Also in This Series
More Like This
More Copies In Prospector
Loading Prospector Copies...
More Details
ISBN:
9780375421617
Reviews from GoodReads
Loading GoodReads Reviews.
Staff View

Grouping Information

Grouped Work IDd8da06c7-98ca-aa3e-04d8-ad9877456ad5
Grouping Titlereef madness alexander agassiz charles darwin and the meaning of coral
Grouping Authordobbs david
Grouping Categorybook
Last Grouping Update2019-07-24 17:26:10PM
Last Indexed2019-11-19 04:14:32AM

Solr Details

accelerated_reader_point_value0
accelerated_reader_reading_level0
authorDobbs, David, 1958-
author_displayDobbs, David
available_at_basaltBasalt
detailed_location_basaltBasalt Non Fiction
display_description
format_basaltBook
format_category_basaltBooks
idd8da06c7-98ca-aa3e-04d8-ad9877456ad5
isbn9780375421617
item_details
Bib IdItem IdShelf LocCall NumFormatFormat CategoryNum CopiesIs Order ItemIs eContenteContent SourceeContent FileeContent URLsubformatDetailed StatusLast CheckinLocationSub-location
ils:.b25419250.i44012342Basalt Non Fiction551.42 DOB1falsefalseOn Shelfbanf
itype_basaltNon-fiction
last_indexed2019-11-19T11:14:32.655Z
lexile_score-1
literary_formNon Fiction
literary_form_fullNon Fiction
local_callnumber_basalt551.42 DOB
owning_library_basaltBasalt Regional Library
owning_location_basaltBasalt
primary_isbn9780375421617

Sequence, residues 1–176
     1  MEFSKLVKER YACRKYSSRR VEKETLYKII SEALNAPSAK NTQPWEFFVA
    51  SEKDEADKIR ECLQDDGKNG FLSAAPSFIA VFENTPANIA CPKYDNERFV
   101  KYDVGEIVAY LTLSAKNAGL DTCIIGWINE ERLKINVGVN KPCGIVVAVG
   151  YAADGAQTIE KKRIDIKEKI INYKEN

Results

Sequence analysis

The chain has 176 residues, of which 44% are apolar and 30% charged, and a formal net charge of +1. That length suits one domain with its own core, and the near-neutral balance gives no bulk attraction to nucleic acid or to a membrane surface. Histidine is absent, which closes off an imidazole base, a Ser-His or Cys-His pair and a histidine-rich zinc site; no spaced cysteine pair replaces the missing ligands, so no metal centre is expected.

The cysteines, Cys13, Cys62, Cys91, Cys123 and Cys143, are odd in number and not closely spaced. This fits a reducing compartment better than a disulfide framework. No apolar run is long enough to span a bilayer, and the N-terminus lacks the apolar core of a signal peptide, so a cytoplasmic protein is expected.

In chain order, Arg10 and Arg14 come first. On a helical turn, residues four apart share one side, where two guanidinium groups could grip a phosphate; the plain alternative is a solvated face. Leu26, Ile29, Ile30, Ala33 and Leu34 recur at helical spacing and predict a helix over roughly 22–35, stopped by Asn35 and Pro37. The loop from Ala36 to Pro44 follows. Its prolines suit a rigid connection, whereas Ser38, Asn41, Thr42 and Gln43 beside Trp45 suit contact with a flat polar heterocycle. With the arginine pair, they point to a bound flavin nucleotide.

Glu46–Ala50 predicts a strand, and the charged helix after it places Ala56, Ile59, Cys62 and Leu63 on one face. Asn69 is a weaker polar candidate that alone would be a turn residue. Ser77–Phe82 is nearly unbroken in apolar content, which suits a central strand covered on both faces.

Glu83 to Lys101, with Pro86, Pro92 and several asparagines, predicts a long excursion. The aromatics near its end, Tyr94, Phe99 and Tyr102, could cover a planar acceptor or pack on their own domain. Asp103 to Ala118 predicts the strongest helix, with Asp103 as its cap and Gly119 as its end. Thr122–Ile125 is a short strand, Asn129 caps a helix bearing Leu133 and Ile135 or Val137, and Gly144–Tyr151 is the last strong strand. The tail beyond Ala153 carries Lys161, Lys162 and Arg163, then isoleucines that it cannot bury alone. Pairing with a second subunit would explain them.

publishDate2005
record_details
Bib IdFormatFormat CategoryEditionLanguagePublisherPublication DatePhysical Description
ils:.b25419250BookBooks1st ed.EnglishPantheon, 2005.pages cm.
recordtypegrouped_work
scoping_details_basalt
Bib IdItem IdGrouped StatusStatusLocally OwnedAvailableHoldableBookableIn Library Use OnlyLibrary OwnedHoldable PTypesBookable PTypesLocal Url
ils:.b25419250.i44012342On ShelfOn Shelffalsetruetruefalsefalsetrue116, 117, 118, 119, 120
subject_facetAgassiz, Alexander, -- 1835-1910
Coral reefs and islands
Natural history -- Philosophy
Science -- History -- 19th century
title_displayReef madness : Alexander Agassiz, Charles Darwin, and the meaning of coral
title_fullReef madness : Alexander Agassiz, Charles Darwin, and the meaning of coral / David Dobbs
title_shortReef madness
title_subAlexander Agassiz, Charles Darwin, and the meaning of coral
topic_facetAgassiz, Alexander
Coral reefs and islands
History
Natural history
Philosophy
Science